The long-awaited decisions on House committee leadership positions in the next Congress -- including the coveted Energy and Commerce chairman's seat -- won't come until December, Republicans said last night.
Rep. Joe Barton (R-Texas), the current ranking member on the Energy and Commerce Committee who is pushing to move into the chairman's seat despite GOP term limit rules, said a decision on the four-way race for the chairman's gavel won't be made until after Thanksgiving.
And Rep. Ed Whitfield (R-Ky.), a strong contender to take over one of the committee's subpanels, said he expects the broader chairmanship to be resolved on Dec. 2. Subcommittee chairmen likely would be revealed later that day or the following day.
Barton is seeking a waiver of GOP rules that limit members to three consecutive terms in leadership positions on committees. Barton has served one term as chairman of Energy and Commerce and the past two terms as ranking member.
"I've been chairman one term, and I want to be chairman another term," he told reporters in the Capitol last night. And he says his time as ranking member should not count against him.
But Republican leaders beg to differ. Rep. Greg Walden (R-Ore.), the chairman of the Republican transition team, says a waiver is the only potential way forward for Barton to take the gavel. Walden said on C-SPAN last week that he does not expect the party to alter its term limit rules, and he does not buy into the argument that time spent in the minority should not count toward the six-year term limit.
"The rules of the conference, everyone knew what they were when we got to this point -- six years," Walden said last week. "I would be surprised if the conference votes to change that."
But Barton is holding out hope. He said he has met with Walden and presumptive Speaker John Boehner (R-Ohio) and that they have given him hope there is a path forward.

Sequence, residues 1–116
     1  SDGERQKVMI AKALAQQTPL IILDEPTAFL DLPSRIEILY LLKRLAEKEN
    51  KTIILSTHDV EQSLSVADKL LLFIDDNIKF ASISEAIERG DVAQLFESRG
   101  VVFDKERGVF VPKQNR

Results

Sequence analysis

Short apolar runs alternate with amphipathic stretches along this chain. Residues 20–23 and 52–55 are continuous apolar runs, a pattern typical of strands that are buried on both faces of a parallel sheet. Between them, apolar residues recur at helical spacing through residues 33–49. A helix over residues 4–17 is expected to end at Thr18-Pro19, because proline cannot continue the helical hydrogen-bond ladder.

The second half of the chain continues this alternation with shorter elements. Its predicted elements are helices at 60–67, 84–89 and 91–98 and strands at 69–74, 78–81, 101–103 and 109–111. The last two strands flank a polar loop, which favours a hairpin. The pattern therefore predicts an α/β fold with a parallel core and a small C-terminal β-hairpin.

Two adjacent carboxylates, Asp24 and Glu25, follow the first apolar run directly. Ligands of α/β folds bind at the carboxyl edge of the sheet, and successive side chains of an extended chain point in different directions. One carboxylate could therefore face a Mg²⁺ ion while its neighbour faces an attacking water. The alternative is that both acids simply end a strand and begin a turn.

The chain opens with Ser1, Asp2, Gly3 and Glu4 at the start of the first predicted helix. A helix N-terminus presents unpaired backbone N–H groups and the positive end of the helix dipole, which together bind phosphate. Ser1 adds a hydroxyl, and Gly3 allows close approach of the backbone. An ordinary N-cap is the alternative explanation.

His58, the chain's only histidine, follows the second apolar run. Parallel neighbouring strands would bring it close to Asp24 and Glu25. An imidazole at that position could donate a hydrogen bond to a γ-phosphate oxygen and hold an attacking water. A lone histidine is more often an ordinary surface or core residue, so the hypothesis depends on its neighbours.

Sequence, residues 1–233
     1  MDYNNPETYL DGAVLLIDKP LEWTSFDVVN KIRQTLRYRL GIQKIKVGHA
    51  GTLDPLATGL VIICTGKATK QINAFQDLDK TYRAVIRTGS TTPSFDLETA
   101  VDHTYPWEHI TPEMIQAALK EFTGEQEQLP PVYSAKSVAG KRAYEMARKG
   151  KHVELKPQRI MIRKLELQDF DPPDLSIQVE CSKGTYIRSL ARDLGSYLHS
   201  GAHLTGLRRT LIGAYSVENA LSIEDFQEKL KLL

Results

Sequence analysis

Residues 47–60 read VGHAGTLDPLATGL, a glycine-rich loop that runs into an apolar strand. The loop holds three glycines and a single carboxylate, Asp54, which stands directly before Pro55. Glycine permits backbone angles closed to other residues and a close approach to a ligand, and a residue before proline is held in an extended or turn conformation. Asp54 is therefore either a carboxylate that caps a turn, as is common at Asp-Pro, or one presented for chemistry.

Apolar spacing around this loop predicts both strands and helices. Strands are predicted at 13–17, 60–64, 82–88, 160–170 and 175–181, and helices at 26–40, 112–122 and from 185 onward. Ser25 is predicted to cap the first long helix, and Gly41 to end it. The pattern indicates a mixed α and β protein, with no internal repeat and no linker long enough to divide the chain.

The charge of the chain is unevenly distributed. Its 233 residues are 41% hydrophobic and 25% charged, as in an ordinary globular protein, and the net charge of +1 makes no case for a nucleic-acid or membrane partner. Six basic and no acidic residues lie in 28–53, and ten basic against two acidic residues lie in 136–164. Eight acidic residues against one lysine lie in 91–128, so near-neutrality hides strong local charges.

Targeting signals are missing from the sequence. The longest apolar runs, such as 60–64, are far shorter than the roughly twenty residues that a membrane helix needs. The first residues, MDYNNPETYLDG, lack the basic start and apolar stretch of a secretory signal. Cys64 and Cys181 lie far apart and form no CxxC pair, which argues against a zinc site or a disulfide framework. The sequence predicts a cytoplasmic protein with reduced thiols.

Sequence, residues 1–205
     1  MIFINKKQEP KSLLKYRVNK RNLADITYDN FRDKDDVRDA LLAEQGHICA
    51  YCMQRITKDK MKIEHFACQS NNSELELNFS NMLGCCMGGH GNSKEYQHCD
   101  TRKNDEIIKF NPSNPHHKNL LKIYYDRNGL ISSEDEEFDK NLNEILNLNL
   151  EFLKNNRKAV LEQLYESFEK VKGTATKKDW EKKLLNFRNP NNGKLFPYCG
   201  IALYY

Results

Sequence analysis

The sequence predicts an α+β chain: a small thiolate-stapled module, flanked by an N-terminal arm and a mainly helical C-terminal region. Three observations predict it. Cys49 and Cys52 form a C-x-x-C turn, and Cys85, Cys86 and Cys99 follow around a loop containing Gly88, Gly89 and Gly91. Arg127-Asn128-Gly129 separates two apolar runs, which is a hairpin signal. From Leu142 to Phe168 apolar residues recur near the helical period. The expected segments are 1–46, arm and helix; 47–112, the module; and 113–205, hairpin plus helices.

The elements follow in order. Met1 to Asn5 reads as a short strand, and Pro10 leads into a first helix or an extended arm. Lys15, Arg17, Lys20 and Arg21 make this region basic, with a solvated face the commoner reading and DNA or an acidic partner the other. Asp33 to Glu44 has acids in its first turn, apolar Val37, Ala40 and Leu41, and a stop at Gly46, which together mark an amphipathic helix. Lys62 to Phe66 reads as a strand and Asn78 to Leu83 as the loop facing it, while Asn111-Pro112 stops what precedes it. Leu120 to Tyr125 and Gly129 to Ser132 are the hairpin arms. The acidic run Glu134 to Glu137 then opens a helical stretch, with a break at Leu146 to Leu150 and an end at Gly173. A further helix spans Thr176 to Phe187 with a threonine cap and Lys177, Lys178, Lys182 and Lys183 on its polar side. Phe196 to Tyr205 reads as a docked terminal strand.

"There's a task force on rules changes, and that task force is not going to make any recommended changes until December," Barton said. "But we are going to have a conference, and there's going to be some listening sessions at the end of this week, and that's something I talked with the speaker-to-be about, and he says that there are a number of good suggestions out there, and I should go forward with whichever one I think's the best shot to get adopted by the conference."
But Barton conceded he had not gotten the nod from leadership in his bid to be chairman.
Boehner "is obviously very interested in picking good committee chairmen and thinks I would be a good chairman, but he has not committed to support me," Barton said. "He says it's going to be an open process in the steering committee, and he thinks the steering committee will pick the best person, which I think will be me."
Barton is in a four-way race for the gavel with Reps. Fred Upton (R-Mich.), the favorite to win the seat; John Shimkus (R-Ill.); and Cliff Stearns (R-Fla.).
Upton and Shimkus have stepped up their lobbying for the spot in recent days with both circulating letters to fellow Republicans touting their credentials.
But Barton is not bad-mouthing his colleagues. "There are other people who want to be chairman, too. They're my friends. They're going to be my friends after this is over," Barton said. "This is a competition, and they have every right to put their best foot forward. I'll put my best foot forward, and I'll leave it to the will of the steering committee and the conference to pick the best person."
Reporter Elana Schor contributed.
Want to read more stories like this?
E&E is the leading source for comprehensive, daily coverage of environmental and energy politics and policy.
Click here to start a free trial to E&E -- the best way to track policy and markets.